1 year of GST So Far So Okay
1st July marked the completion of the first year since the GST was implemented. ‘One nation one tax reform’ was the main agenda with which the GST was rolled out. Like all new policies, even GST had its fair share of difficulty in being accepted by individuals all over the country. While some looked up to GST with great expectations, there were some sectors which have not accepted the GST reform willingly. GST has impacted the diverse sectors in more than one ways. Some of the notable effects of GST in the first year are as follows:
• Inflation remained unchanged: As feared by most individuals, the rollout of GST would hike the inflation rate. Unlike other countries where the inflation spiked up after the introduction of a single tax reform, India did not face the same. High fuel and food costs have led to the recent consumer inflation which is unrelated to GST. The multi-slab structure of the GST which was quite vocally criticized across the country was kept with keeping the earlier tax structure in mind.
• One Tax Nationality: With the single tax implemented throughout the country, there is uniformity across the diverse regions. The production, distribution and supply have been streamlined to an efficient way.
• Formalization of the economy: Evasion has stopped due to digitalized process. The number of businesses registered with GST has crossed over 10 million and the number of income tax return filed has also seen a drastic increment.
• Win for All: As many as 17 taxes have submerged into the GST aligning India with the regime followed on the global platform. Cascading has been done away in the new single tax reform enabling free flow of tax credits. Reduction in complexities due to uniform law applicable all over the country.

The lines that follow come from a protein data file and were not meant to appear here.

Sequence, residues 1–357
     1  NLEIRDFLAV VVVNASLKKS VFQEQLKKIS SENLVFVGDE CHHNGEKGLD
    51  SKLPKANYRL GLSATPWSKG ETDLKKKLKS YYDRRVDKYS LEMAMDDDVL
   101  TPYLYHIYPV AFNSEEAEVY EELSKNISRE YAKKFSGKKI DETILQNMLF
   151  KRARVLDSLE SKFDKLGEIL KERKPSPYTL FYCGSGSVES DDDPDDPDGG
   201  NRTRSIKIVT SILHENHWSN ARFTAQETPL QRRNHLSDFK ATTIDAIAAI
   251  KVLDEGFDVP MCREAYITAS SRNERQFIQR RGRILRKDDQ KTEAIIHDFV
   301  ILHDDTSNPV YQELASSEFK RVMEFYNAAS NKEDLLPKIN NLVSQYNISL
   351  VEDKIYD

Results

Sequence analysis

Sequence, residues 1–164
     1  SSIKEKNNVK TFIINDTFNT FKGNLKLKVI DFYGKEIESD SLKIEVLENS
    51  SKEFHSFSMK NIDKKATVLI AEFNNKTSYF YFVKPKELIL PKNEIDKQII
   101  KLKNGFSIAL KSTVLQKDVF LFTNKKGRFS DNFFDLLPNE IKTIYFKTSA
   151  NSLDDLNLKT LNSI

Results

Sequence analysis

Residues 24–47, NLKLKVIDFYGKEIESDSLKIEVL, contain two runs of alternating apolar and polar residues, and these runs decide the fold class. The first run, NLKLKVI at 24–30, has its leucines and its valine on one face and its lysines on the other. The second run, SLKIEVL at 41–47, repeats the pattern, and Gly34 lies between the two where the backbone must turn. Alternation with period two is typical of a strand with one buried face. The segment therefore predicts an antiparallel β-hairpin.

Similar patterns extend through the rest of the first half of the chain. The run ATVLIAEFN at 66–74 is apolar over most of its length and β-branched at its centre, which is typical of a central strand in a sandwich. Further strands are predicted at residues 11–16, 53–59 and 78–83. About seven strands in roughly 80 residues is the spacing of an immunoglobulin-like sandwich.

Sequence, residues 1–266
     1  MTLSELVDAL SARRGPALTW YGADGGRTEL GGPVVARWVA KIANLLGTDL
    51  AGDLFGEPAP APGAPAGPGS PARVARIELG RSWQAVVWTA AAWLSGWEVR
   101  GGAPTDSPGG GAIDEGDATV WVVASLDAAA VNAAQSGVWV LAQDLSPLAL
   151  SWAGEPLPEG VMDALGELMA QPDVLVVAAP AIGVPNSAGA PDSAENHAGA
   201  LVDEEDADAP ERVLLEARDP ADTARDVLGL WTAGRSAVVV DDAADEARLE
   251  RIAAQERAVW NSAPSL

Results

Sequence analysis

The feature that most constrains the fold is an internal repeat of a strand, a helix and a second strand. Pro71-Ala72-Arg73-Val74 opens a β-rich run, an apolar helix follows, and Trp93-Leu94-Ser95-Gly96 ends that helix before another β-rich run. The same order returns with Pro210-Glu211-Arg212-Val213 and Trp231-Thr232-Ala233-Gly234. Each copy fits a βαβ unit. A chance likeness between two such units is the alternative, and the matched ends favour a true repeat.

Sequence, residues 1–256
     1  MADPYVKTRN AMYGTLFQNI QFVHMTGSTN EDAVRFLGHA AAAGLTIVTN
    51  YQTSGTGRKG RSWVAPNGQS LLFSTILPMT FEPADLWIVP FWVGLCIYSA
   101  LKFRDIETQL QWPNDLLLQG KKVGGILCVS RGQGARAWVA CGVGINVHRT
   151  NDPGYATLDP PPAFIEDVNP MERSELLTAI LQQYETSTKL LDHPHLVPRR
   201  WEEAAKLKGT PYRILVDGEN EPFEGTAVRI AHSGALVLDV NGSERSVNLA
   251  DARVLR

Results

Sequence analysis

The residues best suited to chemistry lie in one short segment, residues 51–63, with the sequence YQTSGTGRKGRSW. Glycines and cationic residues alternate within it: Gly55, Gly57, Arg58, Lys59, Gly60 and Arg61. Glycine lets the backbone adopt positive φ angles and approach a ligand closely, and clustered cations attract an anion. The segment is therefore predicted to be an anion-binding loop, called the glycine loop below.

Not So Positives
• Long way to Compliance: Compliance process was the biggest let down with the unresolved technical glitches that took way too long. The initial filing system was abandoned by the businesses due to struggle in compliance. A new process is under construction to overcome the hurdles faced in the previous one.
• Tedious Registrations: The tedious and long registration processes have become a major roadblock in the GST implementation. State wise registrations have led to the complexities due to multiple registration and individuals often face much difficulties in moving ahead.
• Emergence of new Cesses: While the original intention to bring in GST was to do away with the multiple taxes, luxury and sin goods have been imposed upon new taxes. A new cess levied on sugar is under scrutiny.
GST is facing has faced its share of acceptance and rejection. Most sectors have come into terms with this new tax reform and some are struggling to accept it. Slowly but steadily GST will definitely become a usual phenomenon.